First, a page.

the Rwandan genocide and the wars in former Yugoslavia, the idea of a
“responsibility to protect” vulnerable populations has acquired currency. The Libyan
and Syrian crises have, however, seen the value of that currency recalibrated.
Metropolitan University is working with the Qatari government to train Qatari
police officers. What does the export of policing 'expertise', such as within this
lucrative business deal, reveal about the transformation of academia in the UK?
A quarter century after Mikhail Gorbachev supervised the collapse of Europe’s cold-war division, a world of new dividing lines is emerging—with Vladimir Putin playing an active part in inscribing them.
As the Syrian civil war moves into its fourth year, citizen journalists
have filled the gap left by professionals denied access to or evacuated from
the most dangerous country in the world for working journalists. But they are
painfully aware of the growing uninterest of the international media in the
has mounted on FIFA to address the toll of deaths among migrant workers in
Qatar, as the emirate prepares for the World Cup in 2022. As its Executive
Committee meets today, the international trade union movement is demanding
wasn’t as if Lebanon didn’t have troubles enough, with a shaky government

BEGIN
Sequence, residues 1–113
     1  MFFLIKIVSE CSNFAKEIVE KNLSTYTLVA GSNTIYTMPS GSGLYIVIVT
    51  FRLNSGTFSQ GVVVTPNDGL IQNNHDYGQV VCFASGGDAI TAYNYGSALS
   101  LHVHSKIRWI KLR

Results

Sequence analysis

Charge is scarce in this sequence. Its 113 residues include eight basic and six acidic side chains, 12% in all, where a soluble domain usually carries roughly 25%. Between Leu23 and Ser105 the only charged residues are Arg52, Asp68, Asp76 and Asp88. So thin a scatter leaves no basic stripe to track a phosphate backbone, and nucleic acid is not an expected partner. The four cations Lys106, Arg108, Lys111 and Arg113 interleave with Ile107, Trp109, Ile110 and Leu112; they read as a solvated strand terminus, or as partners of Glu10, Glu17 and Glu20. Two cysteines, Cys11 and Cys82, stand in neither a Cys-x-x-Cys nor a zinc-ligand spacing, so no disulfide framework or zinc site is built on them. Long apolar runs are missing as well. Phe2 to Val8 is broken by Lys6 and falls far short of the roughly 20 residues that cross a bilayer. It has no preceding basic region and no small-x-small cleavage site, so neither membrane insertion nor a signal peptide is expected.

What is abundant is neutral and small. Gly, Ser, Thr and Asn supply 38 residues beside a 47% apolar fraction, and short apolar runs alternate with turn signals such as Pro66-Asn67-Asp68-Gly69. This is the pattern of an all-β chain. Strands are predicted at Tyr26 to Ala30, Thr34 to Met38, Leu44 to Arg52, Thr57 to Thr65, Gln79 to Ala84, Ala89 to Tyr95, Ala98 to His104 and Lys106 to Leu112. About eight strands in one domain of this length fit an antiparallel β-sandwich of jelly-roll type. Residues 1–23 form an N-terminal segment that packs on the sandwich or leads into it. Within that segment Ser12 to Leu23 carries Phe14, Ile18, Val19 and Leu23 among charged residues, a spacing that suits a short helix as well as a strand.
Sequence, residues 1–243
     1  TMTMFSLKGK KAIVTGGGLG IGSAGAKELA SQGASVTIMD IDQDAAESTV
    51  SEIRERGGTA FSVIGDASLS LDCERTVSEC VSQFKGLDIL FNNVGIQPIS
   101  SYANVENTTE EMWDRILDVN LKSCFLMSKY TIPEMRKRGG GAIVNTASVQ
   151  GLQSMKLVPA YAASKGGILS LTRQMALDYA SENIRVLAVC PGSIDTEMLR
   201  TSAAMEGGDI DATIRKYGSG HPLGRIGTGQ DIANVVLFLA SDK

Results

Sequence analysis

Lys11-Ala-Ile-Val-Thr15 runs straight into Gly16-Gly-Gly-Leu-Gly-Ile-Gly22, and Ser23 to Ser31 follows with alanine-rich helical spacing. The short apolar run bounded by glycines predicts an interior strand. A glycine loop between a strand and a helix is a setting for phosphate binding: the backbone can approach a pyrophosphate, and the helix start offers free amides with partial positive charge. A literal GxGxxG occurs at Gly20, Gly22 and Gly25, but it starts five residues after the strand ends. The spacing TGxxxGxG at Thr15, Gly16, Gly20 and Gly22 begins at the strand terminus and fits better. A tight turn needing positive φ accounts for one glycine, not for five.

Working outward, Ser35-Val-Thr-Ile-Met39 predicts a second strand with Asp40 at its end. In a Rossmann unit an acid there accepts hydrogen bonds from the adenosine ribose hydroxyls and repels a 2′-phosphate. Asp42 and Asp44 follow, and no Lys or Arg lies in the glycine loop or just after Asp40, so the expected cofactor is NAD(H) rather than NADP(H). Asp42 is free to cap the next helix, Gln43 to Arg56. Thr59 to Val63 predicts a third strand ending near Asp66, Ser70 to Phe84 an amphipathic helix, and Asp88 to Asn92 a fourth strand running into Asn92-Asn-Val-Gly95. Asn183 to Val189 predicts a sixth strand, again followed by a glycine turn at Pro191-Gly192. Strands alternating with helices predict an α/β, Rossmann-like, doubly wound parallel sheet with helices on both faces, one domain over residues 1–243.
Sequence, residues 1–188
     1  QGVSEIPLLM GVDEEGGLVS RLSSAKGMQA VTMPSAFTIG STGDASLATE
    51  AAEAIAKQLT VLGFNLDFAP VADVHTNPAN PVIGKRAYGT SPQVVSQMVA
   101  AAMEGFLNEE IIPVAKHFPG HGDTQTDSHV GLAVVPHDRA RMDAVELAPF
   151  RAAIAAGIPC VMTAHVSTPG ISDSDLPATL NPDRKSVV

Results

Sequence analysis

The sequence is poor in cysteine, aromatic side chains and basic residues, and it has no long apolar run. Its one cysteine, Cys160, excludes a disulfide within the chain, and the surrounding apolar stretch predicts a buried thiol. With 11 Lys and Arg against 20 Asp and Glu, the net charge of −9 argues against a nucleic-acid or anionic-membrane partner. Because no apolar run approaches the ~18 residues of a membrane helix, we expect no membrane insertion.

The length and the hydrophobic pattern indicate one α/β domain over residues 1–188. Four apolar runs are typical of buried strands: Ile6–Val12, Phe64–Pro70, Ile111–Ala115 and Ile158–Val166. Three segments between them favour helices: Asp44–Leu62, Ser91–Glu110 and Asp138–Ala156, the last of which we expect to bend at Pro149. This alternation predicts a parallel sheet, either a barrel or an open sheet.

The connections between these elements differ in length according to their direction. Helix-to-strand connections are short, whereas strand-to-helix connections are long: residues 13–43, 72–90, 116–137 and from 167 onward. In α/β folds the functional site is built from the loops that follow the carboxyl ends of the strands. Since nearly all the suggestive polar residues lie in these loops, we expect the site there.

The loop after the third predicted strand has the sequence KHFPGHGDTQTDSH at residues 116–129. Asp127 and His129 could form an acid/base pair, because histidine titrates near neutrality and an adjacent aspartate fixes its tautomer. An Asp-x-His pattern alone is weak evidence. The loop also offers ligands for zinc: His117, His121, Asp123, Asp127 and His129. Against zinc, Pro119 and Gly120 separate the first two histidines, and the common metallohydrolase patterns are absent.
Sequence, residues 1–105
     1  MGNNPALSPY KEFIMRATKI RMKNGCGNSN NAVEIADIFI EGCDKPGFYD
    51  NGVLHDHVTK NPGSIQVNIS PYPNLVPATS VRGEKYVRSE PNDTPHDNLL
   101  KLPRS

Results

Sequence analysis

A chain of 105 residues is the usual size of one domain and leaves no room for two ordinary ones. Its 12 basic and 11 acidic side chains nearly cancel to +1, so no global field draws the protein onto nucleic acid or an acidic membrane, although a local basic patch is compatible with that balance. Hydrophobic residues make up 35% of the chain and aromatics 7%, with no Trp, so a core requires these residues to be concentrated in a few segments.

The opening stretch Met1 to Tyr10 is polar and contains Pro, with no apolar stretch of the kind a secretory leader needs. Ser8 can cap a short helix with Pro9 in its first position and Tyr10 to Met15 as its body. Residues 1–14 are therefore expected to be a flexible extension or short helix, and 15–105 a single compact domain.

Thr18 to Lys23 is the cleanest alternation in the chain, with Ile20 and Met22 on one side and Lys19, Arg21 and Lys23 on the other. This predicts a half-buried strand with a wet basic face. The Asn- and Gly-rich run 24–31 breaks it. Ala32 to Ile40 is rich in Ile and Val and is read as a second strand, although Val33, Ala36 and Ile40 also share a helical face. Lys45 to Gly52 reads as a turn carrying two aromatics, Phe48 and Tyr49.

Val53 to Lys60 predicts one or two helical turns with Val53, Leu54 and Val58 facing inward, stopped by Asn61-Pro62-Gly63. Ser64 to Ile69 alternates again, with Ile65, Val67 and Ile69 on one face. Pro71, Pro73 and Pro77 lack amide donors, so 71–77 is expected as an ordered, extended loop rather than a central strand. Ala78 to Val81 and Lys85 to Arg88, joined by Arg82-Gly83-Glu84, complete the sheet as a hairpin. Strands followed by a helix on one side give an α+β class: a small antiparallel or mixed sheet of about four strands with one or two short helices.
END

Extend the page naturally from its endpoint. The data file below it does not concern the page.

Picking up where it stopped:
finally formed last month. But the Syrian refugee crisis is taking a huge toll
on a country which desperately needs international support.
a transition towards a new political dispensation is threatened by Islamist
violence, drone strikes, southern secessionism and tribal militancy. But
concentrating on the first alone and failing to understand the wider context
will not secure it.
Since the protests in Gezi Park eight months ago
freedom of expression has coming under increasing attack, both on and offline. A
new law now threatens digital civil society further, handing the government
excessive and arbitrary power to monitor the web.
The military-backed government has sought
to enrol journalists as foot-soldiers in its battle against the ousted Muslim
Brotherhood. But when editors met this week in Cairo, a collective spirit stirred.
With the larger substantive issues of ceasefires and political transition at an impasse, the ground broken over humanitarian access has suddenly become a metric for whether the first phase of Geneva II will be considered a success.
The recent conclusion of the National Dialogue
Conference in Yemen might seem to point to progress in that fractured state.
But the absence of the rule of law and impartial authority is allowing violence
to fester and the international community needs to act decisively.
The interim nuclear deal between the
western powers and Iran faces significant domestic and international
challenges. But after long hostility it may prove a trust-building
stepping-stone to a larger agreement.
After narrowly avoiding military intervention
in Syria, it is time for decision-makers to realise that there is a way to
strengthen and reinforce the norms behind humanitarian intervention: systematic
civilian casualty recording.